• the identification of any other person in a Member State likely to be affected by the reportable crossborder arrangement, indicating to which Member States such person is linked.

Lawyers covered by the attorney privilege remain bound to report the following information:

  • the identification of intermediary including name, date and place of birth for individuals, residence for tax purposes and tax number;
  • details of the hallmarks that make the cross-border arrangement reportable;
  • a summary of the content of the cross-border arrangement;
  • details of the national provisions that form the basis of the reportable cross-border arrangements.

Note that for lawyers, they will still have the possibility to report for the account of a taxpayer through a dedicated mandate.

4. What is a reportable cross-border arrangement?

A “reportable cross-border arrangement” is referred to as any cross-border arrangement that bears one or more of the hallmarks listed below with a cross-border dimension. Certain arrangements will require the main benefit test (i.e., obtaining a tax advantage) to be met together with at least one of the hallmarks to be reportable, while other arrangements (e.g., those that fall within the specific transfer pricing hallmark) will need to be reported, even if they do not satisfy the “main benefit” test.

When it comes to interpretation of certain notions such as the main benefit test, the commentaries of the bill of law explicitly refer to the BEPS Action 12 Final Report[1]. In the latter, “the arrangement must satisfy the condition that the tax advantage is, or might be, expected to be the main benefit or one of the main benefits of entering into the arrangement. Such a test compares the value of the expected tax advantage with any other benefits likely to be obtained from the transaction and has the advantage of requiring an objective assessment of the tax benefits“.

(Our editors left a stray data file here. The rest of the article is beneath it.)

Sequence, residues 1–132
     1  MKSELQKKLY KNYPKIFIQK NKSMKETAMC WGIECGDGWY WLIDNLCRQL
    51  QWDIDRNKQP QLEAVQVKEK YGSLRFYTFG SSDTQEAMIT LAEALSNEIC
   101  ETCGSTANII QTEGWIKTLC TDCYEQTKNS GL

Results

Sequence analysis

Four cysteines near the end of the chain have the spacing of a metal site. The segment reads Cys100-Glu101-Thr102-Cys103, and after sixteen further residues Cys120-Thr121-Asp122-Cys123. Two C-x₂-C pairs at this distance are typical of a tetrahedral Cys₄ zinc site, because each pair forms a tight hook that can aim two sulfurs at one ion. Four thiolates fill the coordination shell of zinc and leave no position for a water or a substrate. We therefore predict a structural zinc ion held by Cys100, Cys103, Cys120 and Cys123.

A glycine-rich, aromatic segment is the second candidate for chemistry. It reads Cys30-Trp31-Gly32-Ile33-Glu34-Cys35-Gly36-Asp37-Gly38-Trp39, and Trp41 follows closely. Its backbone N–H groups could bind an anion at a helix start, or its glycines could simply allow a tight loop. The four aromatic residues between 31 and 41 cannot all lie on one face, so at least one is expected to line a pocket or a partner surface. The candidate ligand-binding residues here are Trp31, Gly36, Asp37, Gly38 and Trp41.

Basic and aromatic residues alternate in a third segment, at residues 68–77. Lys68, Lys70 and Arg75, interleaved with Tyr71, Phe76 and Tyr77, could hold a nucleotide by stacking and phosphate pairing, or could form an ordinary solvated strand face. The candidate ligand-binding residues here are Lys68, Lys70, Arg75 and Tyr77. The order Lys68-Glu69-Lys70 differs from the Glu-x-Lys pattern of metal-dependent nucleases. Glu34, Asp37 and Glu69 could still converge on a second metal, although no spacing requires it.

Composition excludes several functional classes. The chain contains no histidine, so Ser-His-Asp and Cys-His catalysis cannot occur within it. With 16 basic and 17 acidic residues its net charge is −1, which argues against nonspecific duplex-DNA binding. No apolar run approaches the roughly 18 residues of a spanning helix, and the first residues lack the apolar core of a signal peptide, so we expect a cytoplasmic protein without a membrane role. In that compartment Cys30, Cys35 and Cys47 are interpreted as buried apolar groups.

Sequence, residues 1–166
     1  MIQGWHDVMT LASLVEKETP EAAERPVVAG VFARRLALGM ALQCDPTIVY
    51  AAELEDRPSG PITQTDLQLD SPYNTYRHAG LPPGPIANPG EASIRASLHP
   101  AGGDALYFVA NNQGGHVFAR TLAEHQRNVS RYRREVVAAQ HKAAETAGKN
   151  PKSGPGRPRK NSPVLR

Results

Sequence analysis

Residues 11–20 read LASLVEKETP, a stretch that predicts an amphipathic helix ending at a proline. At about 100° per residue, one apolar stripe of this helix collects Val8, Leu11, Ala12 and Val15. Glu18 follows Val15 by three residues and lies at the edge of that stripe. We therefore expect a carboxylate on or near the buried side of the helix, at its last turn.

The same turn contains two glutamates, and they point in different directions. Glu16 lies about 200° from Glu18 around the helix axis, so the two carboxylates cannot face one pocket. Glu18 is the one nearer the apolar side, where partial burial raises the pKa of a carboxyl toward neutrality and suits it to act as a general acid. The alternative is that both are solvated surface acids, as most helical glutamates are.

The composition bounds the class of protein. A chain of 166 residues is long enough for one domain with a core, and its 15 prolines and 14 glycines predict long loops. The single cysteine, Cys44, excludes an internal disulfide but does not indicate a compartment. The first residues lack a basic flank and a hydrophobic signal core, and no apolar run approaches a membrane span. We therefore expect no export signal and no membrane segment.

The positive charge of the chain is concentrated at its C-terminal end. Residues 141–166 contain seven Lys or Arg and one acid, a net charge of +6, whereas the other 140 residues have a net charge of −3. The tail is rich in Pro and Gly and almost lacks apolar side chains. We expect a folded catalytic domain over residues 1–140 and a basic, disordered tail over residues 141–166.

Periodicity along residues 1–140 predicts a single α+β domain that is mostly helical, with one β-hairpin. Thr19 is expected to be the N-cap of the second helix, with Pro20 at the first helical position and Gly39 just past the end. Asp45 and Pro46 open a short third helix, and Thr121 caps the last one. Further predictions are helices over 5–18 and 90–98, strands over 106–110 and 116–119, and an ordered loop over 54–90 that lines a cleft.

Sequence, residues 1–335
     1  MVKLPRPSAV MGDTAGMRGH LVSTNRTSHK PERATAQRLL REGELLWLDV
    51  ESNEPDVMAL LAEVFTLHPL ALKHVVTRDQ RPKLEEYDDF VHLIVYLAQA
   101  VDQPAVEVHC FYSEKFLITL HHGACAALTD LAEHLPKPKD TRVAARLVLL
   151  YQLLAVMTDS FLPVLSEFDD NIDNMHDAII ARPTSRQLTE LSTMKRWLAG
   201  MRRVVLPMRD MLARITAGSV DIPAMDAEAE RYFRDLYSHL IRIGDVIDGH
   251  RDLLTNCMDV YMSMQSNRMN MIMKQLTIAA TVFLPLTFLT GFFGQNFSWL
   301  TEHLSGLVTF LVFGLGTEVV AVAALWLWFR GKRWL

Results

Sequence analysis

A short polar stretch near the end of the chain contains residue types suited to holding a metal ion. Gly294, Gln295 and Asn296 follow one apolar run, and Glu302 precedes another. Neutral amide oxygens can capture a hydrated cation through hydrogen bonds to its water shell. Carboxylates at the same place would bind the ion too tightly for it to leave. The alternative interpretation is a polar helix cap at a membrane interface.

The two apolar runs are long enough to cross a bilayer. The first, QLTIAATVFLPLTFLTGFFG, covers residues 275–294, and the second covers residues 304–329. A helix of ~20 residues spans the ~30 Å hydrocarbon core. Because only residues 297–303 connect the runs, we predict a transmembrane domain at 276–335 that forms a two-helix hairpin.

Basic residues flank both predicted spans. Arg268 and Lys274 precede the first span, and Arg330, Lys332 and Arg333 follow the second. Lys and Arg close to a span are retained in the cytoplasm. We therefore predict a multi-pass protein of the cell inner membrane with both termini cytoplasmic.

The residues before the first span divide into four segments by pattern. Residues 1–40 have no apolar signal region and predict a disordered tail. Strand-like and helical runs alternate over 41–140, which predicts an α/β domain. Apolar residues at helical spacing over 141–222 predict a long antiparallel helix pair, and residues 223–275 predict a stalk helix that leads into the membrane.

5. When does it apply?

EU Member States are required to transpose DAC6 into national legislation by 31 December 2019 and apply the new rules as from 1 July 2020. However, the reporting obligation, applies to transactions implemented as from 25 June 2018. Intermediaries and relevant taxpayers will be obliged to submit information to the tax authorities for the first time by 31 August 2020 with respect to reportable transactions implemented between 25 June 2018 and 1 July 2020 (the first reporting period). This means that records of any potentially reportable arrangements that have occurred as from 25 June 2018 onwards should be kept. Following the first reporting period, information on reportable cross-border arrangements must be filed with the Luxembourg tax authorities within 30 days beginning on the day after the reportable arrangement is made available, or is ready for implementation, or when the first step has been implemented, whichever occurs first.

Lawyers covered by attorney privilege should notify the other intermediary or the taxpayer itself within 10 days beginning on the day after the reportable arrangement is made available, or is ready for implementation, or when the first step has been implemented, whichever occurs first.

6. What are the sanctions?

A fine of up to EUR 250,000 could be imposed in case of failure to comply with the reporting/notification obligations.

7. How to assess your situation?